At Kings Point, ‘golden years’ not so glowing after allby dan pine, j. staff
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It’s a few weeks before the Academy Awards and Sari Gilman doesn’t yet know what she’ll be wearing — or who. All that Hollywood puffery feels alien to the Oscar-nominated filmmaker.
“Kings Point,” her 2012 film about a sprawling Jewish retirement community in South Florida, is in the running for best documentary short. Not a bad start for someone making her debut as director.
Whether or not she wins the Oscar on Feb. 24, Gilman is more than happy with the film’s reception. It’s been a staple on the festival circuit — including last summer’s San Francisco Jewish Film Festival — and won awards, such as best short documentary at AFI/Discovery Channel’s Silverdocs festival last year.
Though the flamingo-pink condos and Everglade-green lawns of Kings Point seem exotic, they became old hat to Gilman, 43, a former New Yorker who grew up regularly visiting her grandparents after they moved there in 1978.
“I was always fascinated with the place, even as a girl,” says Gilman. “It was like summer camp for old people. … I always thought it was so cool-looking, with long palm trees and shadows.”
Those shadows had metaphorical meaning, too. As busy as its 15,000 residents kept themselves, no amount of bingo, poolside dances or shuffleboard tournaments could mask the rampant social tensions at Kings Point. Over time, loss and loneliness seemed to reign.
As one resident says in the film, “Everyone’s out for themselves.”
“It’s the American ideal to forge your own independence,” Gilman says. “That generation had been burdened by their parents. It was a badge of honor, of their middle-class status, that they didn’t need to burden their kids.”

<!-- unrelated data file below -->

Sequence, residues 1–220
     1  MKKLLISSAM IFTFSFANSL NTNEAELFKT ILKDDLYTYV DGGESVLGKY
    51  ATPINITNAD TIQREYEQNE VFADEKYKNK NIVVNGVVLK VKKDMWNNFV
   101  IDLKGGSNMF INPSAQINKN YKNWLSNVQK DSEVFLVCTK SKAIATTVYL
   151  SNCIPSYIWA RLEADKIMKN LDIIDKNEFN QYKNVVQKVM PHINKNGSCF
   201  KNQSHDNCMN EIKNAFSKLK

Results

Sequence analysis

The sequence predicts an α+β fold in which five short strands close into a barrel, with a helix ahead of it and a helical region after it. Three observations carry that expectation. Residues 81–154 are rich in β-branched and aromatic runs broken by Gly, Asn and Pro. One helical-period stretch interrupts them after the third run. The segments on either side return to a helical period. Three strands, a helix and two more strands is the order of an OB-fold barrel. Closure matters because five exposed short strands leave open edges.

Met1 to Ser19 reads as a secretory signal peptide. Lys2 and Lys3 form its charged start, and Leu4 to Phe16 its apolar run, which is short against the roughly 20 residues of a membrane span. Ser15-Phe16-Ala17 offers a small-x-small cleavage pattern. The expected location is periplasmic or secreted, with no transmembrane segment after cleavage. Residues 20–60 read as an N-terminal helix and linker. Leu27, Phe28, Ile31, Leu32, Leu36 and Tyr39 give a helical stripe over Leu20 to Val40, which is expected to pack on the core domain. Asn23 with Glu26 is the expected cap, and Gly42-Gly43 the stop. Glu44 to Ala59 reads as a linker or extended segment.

Gilman had worked as a film editor on documentaries for A&E, PBS and HBO before casually beginning to bring her camera along on visits to Kings Point. Over time, she found five personable, articulate seniors (all but one Jewish) to focus on. Her widowed, camera-shy grandmother (now deceased), does not appear in the film.
What was it like to transition from the little girl everyone watched grow up, to the serious filmmaker?
As Gilman shows, the sociology of Kings Point more closely resembles high school than the nursing home, with gossip about who’s hooking up with whom dominating the mah-jongg conversation. And although “Jewish” is never mentioned in the film, it’s apparent “Kings Point” is a Jewish community.
“Assimilation was very important to them,” Gilman says. “At the same time they liked to be with their peers. This was a generation who only lived among Jews, and when I was there it was 95 to 98 percent Jewish.”
Gilman grew up in the heavily Jewish town of Great Neck, N.Y. She lived and worked in the Bay Area in the 1990s, then returned to her native New York before permanently relocating to San Francisco two years ago.
After the Oscar buzz dies down, Gilman will decide on her next film project. One idea is to interview members of her extended family on the hot-button topic of Israel. Some of her relatives are anti-Zionist, others are settlers in the West Bank, so that should make for some cinematic fireworks.
For now, she’s allowing herself some well-deserved basking, both in her Oscar nod and the film’s impact. “It’s unbelievably satisfying,” Gilman says. “More than anything, I had this feeling about the place I wanted to convey, and ultimately the film achieved the tone I was going for. This isn’t just about Jewish people; it’s about everybody.”
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